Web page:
Those who keep on harping on the supposed many similarities of President Duterte and President Trump have been focusing on the skin-deep and not on the substantial issues. Mr. Trump, using populist guises and nativist rhetoric, is really after the personal profits that his presidency will bring to his Trump brand and his cronies. He packed his Cabinet with billionaires known to have ejected homeowners with an obligation of a few dollars. It is the economics and profiteering that power brings, stupid.
The blood-curdling, globally repelling policies that he has been writing through executive actions, just provide the cover for his true and real agenda – which is to shaft the common man through reckless policies that will tilt all the rules in favor of the billionaire class. Just look at the attempt to gut Obamacare and roll back Dodd-Frank.
Mr. Duterte appears to be without a profiteering agenda. His Cabinet is without A-listers in terms of wealth and the single blue blood in his cabinet, Ms. Lopez, has been the scourge of the billionaire mining class.
But here is the rub. Mr. Duterte and his Cabinet are missing the chance to reshape economic policies despite the absence of the profiteering motive. In place of bold, radical economic policies that will help the alienated and vulnerable, Mr. Duterte has been sticking to economic orthodoxy and his policies are not very different from Aquinomics. If the Duterte people were all as bold as the DENR boss, they could change the country’s economic policies profoundly.
The root of the failure to reshape economic policies in favor of egalitarian ones is simple. Mr. Duterte does not want to wade into the complexities of economic policy-making and has left the formulation of economic policies to technocrats who could comfortably serve in the previous government. In fact, Mr. Pernia is more conservative and orthodox and pro-business than Arcy Balisacan.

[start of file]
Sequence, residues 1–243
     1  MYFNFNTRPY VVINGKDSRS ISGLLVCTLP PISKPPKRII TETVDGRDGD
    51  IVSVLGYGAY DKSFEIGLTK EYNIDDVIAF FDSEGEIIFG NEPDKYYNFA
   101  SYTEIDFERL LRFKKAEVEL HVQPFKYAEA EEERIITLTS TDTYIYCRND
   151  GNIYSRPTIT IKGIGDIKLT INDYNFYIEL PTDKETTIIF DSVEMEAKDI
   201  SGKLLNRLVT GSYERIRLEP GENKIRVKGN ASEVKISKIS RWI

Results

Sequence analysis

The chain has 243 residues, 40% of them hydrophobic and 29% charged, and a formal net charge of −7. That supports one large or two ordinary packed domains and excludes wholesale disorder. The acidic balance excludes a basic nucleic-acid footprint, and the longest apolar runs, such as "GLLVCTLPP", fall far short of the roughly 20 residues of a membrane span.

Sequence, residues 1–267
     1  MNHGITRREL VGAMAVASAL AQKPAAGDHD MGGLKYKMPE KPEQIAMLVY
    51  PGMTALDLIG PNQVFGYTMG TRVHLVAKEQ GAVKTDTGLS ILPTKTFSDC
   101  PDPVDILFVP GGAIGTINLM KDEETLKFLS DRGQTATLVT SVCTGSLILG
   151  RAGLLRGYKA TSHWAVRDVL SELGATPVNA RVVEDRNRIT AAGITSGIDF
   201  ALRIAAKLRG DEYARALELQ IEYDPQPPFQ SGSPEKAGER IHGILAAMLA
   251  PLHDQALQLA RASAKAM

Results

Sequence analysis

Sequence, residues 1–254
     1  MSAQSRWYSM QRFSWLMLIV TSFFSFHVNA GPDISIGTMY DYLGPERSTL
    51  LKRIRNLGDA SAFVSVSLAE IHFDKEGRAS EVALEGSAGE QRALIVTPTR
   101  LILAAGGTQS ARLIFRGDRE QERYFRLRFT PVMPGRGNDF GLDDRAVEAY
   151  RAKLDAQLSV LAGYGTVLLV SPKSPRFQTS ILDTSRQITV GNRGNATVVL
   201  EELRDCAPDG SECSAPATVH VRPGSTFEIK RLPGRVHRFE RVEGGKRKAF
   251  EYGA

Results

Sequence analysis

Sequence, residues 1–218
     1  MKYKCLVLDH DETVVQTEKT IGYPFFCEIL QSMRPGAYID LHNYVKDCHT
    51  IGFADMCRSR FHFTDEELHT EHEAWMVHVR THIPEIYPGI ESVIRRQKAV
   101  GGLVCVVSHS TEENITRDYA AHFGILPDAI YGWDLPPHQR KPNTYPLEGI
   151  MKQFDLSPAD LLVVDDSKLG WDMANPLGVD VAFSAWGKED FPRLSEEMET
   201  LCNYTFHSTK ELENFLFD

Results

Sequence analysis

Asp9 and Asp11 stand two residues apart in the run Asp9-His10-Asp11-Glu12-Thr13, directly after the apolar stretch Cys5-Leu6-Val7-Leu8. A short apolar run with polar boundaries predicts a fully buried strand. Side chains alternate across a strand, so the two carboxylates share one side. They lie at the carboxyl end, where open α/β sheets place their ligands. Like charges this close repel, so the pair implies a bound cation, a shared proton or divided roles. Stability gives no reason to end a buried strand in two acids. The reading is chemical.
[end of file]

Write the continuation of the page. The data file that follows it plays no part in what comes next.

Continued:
Mr. Duterte could have gutted the PPP to spread out opportunities to the non-billionaire contractors. Mr. Duterte could have adopted a “Soak the Rich” tax policy but has preferred a standard-issue reduction of both personal and corporate income taxes. Nothing bold and game-changing there.
So, where would he leave a policy imprint? Two areas are still left. These are RH, where he is strong and will most likely succeed. The second is the peace process. His signature policy, the war on drugs, will not really matter much despite the huge body count because of the context of poverty.
On RH, he will succeed. The Church does not really have the sort of traction that will make its opposition to the RH succeed. For God’s sake, the RH program falls short of abortion and it is among the mildest RH programs across the globe.
The problem area is the peace process. The big gains of the past several weeks will be back to Zero should Mr. Duterte scale back on his determination to see the peace of the living be a reality under his administration.
That is what we are seeing right now. Mr. Duterte has called the CPP “ terrorist.” He has ordered the arrest of several leaders released from prison to help in the peace talks. The offensive against the armed Left has resumed. While both parties say that the peace process will not be aborted, we have to be reminded of one thing. With blood being shed by both the military and the NPA, the ideal environment for the pursuit of peace is gone. The two parties cannot talk peace with blood being spilled all around.
And not one within the Cabinet of Mr. Duterte, except for Mr. Dureza who has not much clout, is actively working to ease the tension.
There are big, big problems attached to the waning determination to push through with the peace talks and the wavering enthusiasm on the part of Mr. Duterte.
Mr. Duterte can call the Left’s party, army and broad coalition all the negative names in the world but that would not bother the Left’s Trinity one bit. The claim that the Left has opened up more guerrilla fronts during the time of Mr. Aquino is true. The momentum is still there as poverty and alienation from the mainstream could only enhance recruitment of new leaders and members, not slow down that process.
Unlike drug lords and crime gangs, the Left’s underground forces are not easy quarries for both the police and the military. You could jail the top leaders of the party, army and broad coalition today and the result would be a short-lived, but otherwise meaningless victory for the government. The second-tier leaders will just assume the prime leadership roles and the third-tier leaders will assume the secondary roles in a seamless segueing into new roles.
The Left is an ideology with an army and a formal structure that allows for seamless transitions. No amount of “all-out wars” would weaken the fighting resolve, the fundraising efforts and the recruitment of fresh young fighters and ideologues.
As all previous governments have proven, which Mr. Duterte is painfully aware of, there is no military solution to the problem of insurgency.
The war with the Left will remain an unwinnable war unless change would come in the communities of despair, hopelessness and abject poverty. Change is not coming for now and Mr. Duterte, with his timidity on economic policies, has no option but push through with the peace talks.
The quest for peace has never been an easy process.